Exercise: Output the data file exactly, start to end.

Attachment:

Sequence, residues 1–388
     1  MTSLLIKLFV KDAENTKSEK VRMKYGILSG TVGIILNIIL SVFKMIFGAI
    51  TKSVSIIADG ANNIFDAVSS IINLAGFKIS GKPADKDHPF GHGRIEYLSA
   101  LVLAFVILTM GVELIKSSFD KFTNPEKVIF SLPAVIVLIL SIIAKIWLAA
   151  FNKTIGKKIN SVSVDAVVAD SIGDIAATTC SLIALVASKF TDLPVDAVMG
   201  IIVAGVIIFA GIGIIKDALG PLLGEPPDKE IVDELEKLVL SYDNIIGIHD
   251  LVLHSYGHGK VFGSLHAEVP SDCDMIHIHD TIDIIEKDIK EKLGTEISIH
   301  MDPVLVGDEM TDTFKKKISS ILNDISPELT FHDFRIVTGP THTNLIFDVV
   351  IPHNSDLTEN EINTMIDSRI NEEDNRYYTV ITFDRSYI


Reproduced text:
Sequence, residues 1–388
     1  MTSLLIKLFV KDAENTKSEK VRMKYGILSG TVGIILNIIL SVFKMIFGAI
    51  TKSVSIIADG ANNIFDAVSS IINLAGFKIS GKPADKDHPF GHGRIEYLSA
   101  LVLAFVILTM GVELIKSSFD KFTNPEKVIF SLPAVIVLIL SIIAKIWLAA
   151  FNKTIGKKIN SVSVDAVVAD SIGDIAATTC SLIALVASKF TDLPVDAVMG
   201  IIVAGVIIFA GIGIIKDALG PLLGEPPDKE IVDELEKLVL SYDNIIGIHD
   251  LVLHSYGHGK VFGSLHAEVP SDCDMIHIHD TIDIIEKDIK EKLGTEISIH
   301  MDPVLVGDEM TDTFKKKISS ILNDISPELT FHDFRIVTGP THTNLIFDVV
   351  IPHNSDLTEN EINTMIDSRI NEEDNRYYTV ITFDRSYI